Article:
North American polypropylene resin prices took a major leap in January, propelled by higher prices for polymer-grade propylene feedstock.
PP prices in the region surged 11 cents per pound for the month, matching an increase seen for PGP. North American PVC resin prices saw a much-smaller 1-cent increase for the month.
Supplies of PGP in the region were tightened by planned turnarounds at plants operated by Enterprise Products and Invista in Texas, as well as from reduced propylene output from oil refineries impacted by freezing weather that hit the Gulf Coast in late December.
"This [increase] was definitely supply-driven, although that's now expected to reduce somewhat," said David Barry, a market analyst with PetroChem Wire in Houston. Enterprise has completed its turnaround, he added, while Invista is expected to complete its by the end of February.
The PP price hike is the first seen for the material after seven consecutive monthly price drops. Regional PP prices were down 4 cents in December and down a net of 42 cents for full-year 2022.
Esteban Sagel, principal at Chemical and Polymer Consultants in Houston, said that since the PGP situation is "a supply constraint," he doesn't believe that the higher prices will be "a durable increase." Spot prices for PGP already were in decline by late January.
LyondellBasell Industries and other PP makers now are attempting to raise prices 6 cents in February. Some PP makers had 3 cent hikes on the table for January, but those were eclipsed by the PGP price move.
Although PP demand isn't strong at present, brief shutdowns experienced by Ineos Olefins & Polymers and by Braskem America in late January due to storms could have an impact on supplies. Production at Pinnacle Polymers' PP site in Garyville, La., also was affected by the late December freeze.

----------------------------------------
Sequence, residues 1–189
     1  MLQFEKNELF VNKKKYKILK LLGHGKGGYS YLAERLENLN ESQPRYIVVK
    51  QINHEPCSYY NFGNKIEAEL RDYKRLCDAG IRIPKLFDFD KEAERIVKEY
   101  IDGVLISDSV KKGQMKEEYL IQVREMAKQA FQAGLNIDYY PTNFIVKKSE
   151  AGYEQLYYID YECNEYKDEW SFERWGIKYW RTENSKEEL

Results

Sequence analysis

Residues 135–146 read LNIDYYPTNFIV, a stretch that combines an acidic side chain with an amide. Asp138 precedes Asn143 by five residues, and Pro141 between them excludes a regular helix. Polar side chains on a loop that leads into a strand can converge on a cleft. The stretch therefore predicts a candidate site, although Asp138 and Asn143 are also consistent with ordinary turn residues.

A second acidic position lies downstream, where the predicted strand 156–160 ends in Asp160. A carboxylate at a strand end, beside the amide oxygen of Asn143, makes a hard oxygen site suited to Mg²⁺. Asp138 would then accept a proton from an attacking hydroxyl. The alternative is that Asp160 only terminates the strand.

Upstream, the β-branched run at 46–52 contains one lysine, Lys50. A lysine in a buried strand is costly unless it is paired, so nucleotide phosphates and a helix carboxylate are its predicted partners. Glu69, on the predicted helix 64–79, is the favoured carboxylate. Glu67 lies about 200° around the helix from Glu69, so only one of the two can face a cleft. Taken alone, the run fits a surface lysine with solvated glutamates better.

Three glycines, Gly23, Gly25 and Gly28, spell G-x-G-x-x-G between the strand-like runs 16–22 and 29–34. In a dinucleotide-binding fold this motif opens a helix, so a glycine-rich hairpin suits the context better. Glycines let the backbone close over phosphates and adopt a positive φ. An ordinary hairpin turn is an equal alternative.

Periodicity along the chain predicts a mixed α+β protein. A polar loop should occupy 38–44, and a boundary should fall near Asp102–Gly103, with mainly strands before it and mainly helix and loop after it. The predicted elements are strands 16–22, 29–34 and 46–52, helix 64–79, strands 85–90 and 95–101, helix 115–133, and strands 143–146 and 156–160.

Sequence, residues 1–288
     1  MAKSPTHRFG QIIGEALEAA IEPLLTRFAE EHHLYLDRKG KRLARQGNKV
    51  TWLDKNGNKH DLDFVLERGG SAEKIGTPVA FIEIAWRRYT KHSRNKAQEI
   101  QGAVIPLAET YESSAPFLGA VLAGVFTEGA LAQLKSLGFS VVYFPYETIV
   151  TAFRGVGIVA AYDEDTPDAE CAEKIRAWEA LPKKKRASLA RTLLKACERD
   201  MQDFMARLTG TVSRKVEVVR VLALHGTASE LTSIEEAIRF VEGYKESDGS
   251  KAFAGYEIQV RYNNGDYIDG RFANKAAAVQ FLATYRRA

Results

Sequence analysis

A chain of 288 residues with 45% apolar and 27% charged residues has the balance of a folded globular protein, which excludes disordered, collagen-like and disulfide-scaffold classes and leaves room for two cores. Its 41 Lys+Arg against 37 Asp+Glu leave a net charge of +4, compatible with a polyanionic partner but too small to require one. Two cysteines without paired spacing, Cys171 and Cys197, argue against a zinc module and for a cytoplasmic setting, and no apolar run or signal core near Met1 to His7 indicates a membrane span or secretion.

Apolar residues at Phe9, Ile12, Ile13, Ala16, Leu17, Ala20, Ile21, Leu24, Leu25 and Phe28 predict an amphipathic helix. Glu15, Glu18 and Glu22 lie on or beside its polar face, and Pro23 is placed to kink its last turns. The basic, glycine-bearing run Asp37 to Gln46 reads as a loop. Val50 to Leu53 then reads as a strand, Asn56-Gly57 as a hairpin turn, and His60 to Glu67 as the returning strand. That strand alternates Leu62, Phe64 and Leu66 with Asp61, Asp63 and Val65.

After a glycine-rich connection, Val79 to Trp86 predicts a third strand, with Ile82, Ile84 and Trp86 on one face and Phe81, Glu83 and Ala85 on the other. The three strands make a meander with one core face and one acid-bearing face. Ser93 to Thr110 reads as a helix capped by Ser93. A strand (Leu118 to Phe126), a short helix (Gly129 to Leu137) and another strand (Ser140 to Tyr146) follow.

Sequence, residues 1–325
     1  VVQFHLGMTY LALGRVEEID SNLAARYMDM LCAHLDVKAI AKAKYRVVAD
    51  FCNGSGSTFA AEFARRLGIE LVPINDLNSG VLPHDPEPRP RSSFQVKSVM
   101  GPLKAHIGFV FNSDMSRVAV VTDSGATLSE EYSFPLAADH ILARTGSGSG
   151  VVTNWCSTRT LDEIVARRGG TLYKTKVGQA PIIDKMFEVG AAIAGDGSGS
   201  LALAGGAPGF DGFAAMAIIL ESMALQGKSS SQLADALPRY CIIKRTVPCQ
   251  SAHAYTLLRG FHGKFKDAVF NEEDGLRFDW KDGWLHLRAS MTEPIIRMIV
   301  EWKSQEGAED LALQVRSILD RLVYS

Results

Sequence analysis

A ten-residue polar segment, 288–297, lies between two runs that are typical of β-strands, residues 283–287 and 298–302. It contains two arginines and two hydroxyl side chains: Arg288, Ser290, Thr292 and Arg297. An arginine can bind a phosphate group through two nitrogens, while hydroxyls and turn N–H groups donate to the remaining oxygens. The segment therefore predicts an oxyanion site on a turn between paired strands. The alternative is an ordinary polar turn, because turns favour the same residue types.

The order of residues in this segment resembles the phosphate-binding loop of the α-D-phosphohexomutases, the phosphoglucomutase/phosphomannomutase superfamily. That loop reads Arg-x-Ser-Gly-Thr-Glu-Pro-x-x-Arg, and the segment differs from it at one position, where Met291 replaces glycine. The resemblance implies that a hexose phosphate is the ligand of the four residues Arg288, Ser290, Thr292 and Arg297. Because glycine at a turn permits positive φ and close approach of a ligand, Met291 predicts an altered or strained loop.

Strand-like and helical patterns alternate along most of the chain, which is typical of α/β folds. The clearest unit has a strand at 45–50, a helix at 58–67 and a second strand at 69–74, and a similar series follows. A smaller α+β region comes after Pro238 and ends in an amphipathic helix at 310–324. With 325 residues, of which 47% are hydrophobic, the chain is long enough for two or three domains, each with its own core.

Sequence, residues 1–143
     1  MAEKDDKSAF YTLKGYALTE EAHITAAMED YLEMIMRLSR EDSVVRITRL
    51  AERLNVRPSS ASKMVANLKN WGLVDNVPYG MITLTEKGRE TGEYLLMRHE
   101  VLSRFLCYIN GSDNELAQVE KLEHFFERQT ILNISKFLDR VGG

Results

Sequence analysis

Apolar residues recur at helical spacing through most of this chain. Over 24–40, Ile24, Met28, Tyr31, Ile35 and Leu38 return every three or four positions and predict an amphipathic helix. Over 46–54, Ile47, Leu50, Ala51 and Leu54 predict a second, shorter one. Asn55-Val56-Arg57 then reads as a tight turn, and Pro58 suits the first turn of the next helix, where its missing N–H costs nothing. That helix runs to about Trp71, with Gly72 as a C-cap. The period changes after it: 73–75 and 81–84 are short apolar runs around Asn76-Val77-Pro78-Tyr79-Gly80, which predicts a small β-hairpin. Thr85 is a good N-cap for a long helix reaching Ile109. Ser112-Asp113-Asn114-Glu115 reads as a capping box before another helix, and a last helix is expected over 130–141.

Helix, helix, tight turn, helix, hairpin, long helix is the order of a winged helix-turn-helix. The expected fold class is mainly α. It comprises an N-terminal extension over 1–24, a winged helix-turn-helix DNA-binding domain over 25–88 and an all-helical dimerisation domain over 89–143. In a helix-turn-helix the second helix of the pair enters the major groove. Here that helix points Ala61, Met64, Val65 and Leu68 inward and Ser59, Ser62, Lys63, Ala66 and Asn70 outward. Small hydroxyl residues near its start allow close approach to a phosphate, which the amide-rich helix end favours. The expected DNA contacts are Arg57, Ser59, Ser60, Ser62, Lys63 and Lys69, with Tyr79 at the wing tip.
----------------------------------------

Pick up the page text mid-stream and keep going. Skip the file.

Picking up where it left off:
"PP supply remains tight as we head into February," officials with New York-based supplier Blue Clover LLC said in a market update. "Polypropylene producers were cutting inventory rates for several months, and that was before the January price rally in PGP. There's simply not a lot of excess PP material out in the market at this moment.
"Producers realize there's less product, and while domestic demand may be subdued compared to the first half of 2022, it hasn't fallen off a cliff," they added.
Even if PP demand is better than expected at present, it's "still not great," according to Barry at PCW. "A lot of polypropylene goes into manufacturing of durable goods, and the manufacturing economy seems to be in a recession," he added.
The 1-cent PVC hike came as supplies of the material tightened slightly, with construction industry buyers beginning to make purchases ahead of spring construction. The hike also ends a streak of six consecutive monthly price drops for PVC, including a 6-cent decline in December.
PVC prices finished 2022 down a net of 31 cents. Residential construction in the U.S. has slowed as interest rates have increased.
U.S. housing starts for December came in at an annualized rate of 1.33 million. That number was down 1.5 percent vs. November and down almost 30 percent vs. the same month in 2021.
In other pricing areas, Plastics News is planning to show a 22-cent downward non-market correction for all grades of high, low and linear low density polyethylene on Feb.13. That correction reflects price rebates or discounts seen in negotiations between buyers and sellers in late 2022.
In some cases, these rebates or discounts were seen in late 2021. The correction does not reflect month-to-month price changes caused by supply, demand or feedstock prices in the current PE market.